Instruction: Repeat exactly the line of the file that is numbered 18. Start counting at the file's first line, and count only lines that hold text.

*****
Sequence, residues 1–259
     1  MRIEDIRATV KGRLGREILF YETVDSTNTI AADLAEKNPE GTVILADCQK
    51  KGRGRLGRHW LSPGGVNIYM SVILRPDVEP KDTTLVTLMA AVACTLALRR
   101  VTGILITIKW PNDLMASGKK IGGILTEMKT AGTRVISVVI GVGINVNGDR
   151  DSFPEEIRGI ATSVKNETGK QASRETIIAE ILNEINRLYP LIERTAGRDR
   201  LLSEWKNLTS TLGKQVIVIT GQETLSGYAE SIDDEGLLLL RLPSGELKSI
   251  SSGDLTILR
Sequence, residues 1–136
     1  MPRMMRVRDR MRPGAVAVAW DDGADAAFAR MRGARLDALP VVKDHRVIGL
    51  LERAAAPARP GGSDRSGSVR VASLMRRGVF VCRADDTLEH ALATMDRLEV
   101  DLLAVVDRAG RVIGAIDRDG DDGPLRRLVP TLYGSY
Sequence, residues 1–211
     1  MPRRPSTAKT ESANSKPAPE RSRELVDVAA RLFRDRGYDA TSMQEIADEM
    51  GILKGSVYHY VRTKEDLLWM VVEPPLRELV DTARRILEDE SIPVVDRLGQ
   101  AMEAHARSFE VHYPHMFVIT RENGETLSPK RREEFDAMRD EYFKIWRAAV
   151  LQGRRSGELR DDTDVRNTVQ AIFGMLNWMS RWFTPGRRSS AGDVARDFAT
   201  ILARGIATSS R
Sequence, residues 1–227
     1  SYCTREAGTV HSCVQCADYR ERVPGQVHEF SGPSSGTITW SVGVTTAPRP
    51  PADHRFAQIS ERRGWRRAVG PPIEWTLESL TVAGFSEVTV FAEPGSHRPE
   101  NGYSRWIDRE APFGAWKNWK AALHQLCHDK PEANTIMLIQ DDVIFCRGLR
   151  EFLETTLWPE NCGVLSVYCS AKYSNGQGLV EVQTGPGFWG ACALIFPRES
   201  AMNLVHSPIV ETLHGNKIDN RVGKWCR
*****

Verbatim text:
Sequence, residues 1–227